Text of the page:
As Elvis Presley was to rock and roll and James Brown was to soul, Poncho Sanchez is to Latin jazz.
But, whether it’s Latin jazz, salsa, straight ahead jazz, or even elements of soul and blues, the mesmerizing array of sounds and colors from Poncho Sanchez’s youth have telegraphed across the decades and continue to inform his creative sensibilities to this day. As he explains, “these are the sounds I grew up with. So when I play this music, I’m not telling a lie. I’m telling my story. This is the real thing.”
And, more than anything else, Poncho Sanchez is a storyteller. As leader of the most popular Latin jazz group in the world today, it’s his congas and seasoned ensemble that do the talking. Live in concert or on recordings, they spin vivacious tales that pay homage to the glories of a half-century tradition that was born when Afro-Cuban rhythms merged with bebop. And, for almost three decades, Sanchez has been an unswervingly-passionate exponent of the bedrock style of Afro-Cuban Latin jazz pioneered half a century ago by such legendary musicians as Machito, Tito Puente and Dizzy Gillespie.
Today, Sanchez’s life’s story has become a well-known part of Latin jazz lore. He was born in Texas on October 30, 1951 into a large Mexican-American family (rumor has it that his 13-year old mother fled to the U.S. after hiding under the bed as revolutionary Pancho Villa stormed her village), but grew up in the Los Angeles area, where he was weaned on a broad range of Latin and non-Latin popular music. By his teen years, his musical consciousness had been solidified by the likes of John Coltrane, Miles Davis, Cal Tjader, Mongo Santamaria, Wilson Pickett and James Brown. Along the way, he taught himself to play guitar, flute, drums and timbales, but eventually settled on the congas. Inspired by the conga playing of Cuban great Mongo Santamaria, he honed his skills as a percussionist and broke into the limelight at the age of 23 when he joined vibraphonist Cal Tjader’s famed Latin jazz ensemble in 1975. Poncho performed with him until Tjader’s untimely death in 1982. A year later, he began his unprecedented 27-year relationship with Concord Records, which has produced two dozen recordings, including his latest, Psychedelic Blues, a GRAMMY® Award and several GRAMMY nominations.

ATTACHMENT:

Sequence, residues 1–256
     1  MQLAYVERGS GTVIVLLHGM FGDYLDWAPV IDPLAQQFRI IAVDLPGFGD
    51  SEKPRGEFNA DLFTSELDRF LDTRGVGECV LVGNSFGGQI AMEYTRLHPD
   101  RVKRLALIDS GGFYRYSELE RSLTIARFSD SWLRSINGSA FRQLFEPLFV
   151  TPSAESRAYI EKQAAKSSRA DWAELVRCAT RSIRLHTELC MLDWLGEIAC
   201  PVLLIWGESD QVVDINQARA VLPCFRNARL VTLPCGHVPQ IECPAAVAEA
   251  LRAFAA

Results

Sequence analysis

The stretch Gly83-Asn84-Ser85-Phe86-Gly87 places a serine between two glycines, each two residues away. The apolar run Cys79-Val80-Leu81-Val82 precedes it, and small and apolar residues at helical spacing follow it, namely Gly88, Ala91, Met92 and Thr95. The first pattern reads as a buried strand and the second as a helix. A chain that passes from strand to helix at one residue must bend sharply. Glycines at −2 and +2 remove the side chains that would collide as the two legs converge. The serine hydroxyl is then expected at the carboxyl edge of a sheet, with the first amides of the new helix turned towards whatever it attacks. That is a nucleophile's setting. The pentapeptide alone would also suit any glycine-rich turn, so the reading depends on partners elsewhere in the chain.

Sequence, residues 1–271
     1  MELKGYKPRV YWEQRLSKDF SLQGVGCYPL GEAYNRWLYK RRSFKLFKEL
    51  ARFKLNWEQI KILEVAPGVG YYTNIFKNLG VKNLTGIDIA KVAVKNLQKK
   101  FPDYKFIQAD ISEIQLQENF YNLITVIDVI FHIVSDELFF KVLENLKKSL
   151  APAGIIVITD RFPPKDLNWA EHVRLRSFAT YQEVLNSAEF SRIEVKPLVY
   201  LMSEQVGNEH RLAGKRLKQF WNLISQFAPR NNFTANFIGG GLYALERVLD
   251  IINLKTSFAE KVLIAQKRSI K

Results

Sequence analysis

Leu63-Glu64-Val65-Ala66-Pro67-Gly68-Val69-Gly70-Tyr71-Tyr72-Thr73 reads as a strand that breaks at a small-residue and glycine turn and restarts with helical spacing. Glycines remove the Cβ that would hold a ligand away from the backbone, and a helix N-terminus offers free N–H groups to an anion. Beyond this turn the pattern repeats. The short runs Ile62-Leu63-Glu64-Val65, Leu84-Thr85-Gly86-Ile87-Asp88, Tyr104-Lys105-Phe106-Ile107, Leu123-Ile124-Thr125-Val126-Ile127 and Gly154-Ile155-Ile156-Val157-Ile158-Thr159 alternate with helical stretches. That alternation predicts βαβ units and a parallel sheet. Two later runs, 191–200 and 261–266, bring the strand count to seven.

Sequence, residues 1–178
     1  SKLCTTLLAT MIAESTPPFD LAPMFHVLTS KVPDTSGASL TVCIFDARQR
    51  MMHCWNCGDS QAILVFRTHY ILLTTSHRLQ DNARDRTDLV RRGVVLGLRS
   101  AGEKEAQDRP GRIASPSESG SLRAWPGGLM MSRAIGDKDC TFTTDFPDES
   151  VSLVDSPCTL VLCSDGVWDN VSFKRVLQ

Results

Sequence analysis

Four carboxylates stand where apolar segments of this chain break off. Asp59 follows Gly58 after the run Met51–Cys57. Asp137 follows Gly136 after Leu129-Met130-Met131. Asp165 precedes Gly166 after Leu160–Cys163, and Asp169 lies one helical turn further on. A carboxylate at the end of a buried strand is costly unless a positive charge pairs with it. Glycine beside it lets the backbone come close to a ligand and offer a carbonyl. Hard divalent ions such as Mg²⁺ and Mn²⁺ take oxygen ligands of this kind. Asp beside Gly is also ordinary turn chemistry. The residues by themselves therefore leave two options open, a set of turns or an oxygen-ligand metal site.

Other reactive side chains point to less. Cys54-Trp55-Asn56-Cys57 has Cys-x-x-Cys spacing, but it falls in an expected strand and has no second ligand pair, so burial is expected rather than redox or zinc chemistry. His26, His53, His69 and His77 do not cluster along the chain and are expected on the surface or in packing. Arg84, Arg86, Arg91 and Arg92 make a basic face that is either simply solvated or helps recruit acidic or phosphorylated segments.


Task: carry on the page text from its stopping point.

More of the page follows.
To these many honors, the Los Angeles Jazz Society is proud to add 2010 Jazz Tribute Honoree.)